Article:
The SEC had just posted three new conclusions in relation with the administrative proceedings of two famous immigration lawyers, and also for a third lawyer. They say one party has apparently earned $450,000 in commissioning from an EB-5 benefactor. The coercion is nothing new. Last year, we noticed that many EB 5 lawyers in San Francisco were subjected to the same sanctions and proceedings. The accusations are resonantly familiar with a violation of the securities exchange act. There are more to expect when it comes to this SEC coercion activity.
Immigration Lawyers as EB 5 Gatekeepers
The SEC emphasizes a strong interest in pursuing legal actions to any securities laws by gatekeepers of securities markets.
Immigration lawyers are considered gatekeepers to the EB 5 Program. So let’s try to know what it is? In the context of securities law, this gatekeeper will hold a position of trust to look out for the interests of a particular securities market. The idea is that the integrity of the market is reviewed by experts charged with imposing their responsibilities. Lawyers, accountants and auditors are often the gatekeepers of the securities marketplace.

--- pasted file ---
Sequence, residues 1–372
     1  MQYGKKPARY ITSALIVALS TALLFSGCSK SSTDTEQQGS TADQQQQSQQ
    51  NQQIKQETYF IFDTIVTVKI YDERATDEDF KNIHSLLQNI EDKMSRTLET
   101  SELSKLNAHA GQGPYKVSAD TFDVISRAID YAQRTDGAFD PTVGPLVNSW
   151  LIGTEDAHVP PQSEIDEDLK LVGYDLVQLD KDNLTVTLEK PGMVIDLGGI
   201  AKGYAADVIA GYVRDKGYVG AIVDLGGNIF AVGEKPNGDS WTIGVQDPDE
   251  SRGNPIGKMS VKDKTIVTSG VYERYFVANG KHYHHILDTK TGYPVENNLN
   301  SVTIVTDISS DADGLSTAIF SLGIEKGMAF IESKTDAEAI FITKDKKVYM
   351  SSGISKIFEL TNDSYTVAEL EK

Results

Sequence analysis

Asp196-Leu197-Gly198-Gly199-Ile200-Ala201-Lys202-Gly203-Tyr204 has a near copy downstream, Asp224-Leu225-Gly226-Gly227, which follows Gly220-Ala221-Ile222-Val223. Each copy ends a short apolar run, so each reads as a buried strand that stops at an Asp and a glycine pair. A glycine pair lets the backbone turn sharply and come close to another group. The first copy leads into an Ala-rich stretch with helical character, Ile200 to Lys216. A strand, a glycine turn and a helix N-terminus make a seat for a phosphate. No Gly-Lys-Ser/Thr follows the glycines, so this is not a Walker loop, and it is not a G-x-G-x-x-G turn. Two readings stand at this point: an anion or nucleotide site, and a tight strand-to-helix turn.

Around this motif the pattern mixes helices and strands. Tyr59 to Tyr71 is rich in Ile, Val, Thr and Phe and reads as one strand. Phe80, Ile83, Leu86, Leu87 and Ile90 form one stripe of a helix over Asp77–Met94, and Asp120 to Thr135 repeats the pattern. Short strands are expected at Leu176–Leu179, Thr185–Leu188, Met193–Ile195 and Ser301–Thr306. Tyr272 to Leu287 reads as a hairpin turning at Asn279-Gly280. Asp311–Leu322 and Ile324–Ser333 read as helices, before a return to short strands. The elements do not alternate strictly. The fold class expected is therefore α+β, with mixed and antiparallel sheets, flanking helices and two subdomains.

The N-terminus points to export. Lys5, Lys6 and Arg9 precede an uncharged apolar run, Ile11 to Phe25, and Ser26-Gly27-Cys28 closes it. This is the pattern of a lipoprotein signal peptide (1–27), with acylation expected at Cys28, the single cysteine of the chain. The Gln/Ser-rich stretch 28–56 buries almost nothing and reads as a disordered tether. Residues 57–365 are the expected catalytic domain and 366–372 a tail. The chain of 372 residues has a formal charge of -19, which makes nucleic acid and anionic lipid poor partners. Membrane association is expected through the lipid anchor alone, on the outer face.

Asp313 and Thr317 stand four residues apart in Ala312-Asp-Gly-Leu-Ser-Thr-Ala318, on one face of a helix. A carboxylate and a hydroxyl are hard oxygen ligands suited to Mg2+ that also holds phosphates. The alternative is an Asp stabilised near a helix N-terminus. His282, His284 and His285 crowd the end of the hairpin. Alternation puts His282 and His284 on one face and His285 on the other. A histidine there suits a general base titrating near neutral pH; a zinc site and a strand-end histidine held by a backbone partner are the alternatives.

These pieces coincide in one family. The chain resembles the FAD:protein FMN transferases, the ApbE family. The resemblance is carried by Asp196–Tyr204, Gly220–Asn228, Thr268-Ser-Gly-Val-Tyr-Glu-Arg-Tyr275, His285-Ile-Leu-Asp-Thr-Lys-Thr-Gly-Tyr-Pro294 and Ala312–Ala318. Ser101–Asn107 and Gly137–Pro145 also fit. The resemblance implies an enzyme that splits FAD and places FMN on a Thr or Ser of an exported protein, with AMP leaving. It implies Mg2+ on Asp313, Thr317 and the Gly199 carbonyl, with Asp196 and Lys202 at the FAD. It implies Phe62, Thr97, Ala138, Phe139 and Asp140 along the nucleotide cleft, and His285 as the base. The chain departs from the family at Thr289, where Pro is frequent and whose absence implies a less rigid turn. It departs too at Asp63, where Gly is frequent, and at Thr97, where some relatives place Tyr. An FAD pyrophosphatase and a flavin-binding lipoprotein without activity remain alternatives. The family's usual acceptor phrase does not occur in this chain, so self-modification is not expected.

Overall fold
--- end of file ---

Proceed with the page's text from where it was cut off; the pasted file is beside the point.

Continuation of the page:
The SEC wishes to hold out offenders of the securities laws as instances for commercial enterprises. There is no solace for the EB 5 lawyers in San Francisco to face forceful ejection and sanctions, but it does imply that SEC prioritizes and emphasizes investigations and why they consider these lawyers important. Lawyers who are high in profile for the EB 5 enterprise are mostly engaged in offering investors for localized centers or who are engaged in marketing. Those lawyers who takes a finder’s fee from localized centers at one time. The SEC also prosecutes minor violations specifically by gatekeepers to set an example for the commercial enterprise. One of the lawyers in today’s proceeding have accepted $37500 in finder’s fees. This is evident enough that SEC will impose administrative sanctions and proceedings. It’s actually a warning for these immigration lawyers that even though they are working as gatekeepers for SEC laws, they are still liable to the law, and should not enforce high finder’s fees to clients.